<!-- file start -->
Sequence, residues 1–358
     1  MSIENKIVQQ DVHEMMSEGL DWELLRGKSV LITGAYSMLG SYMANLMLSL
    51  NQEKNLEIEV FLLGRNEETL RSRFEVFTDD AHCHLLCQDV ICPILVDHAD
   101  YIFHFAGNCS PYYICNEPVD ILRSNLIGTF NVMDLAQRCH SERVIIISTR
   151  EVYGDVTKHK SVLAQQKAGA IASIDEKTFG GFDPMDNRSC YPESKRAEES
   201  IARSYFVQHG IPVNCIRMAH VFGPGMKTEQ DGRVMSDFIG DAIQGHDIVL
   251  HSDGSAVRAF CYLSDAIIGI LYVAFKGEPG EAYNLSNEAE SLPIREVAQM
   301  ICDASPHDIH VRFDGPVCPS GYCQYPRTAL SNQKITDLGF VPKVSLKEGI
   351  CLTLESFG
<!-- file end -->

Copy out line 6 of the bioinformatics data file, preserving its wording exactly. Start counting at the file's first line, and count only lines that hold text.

   201  IARSYFVQHG IPVNCIRMAH VFGPGMKTEQ DGRVMSDFIG DAIQGHDIVL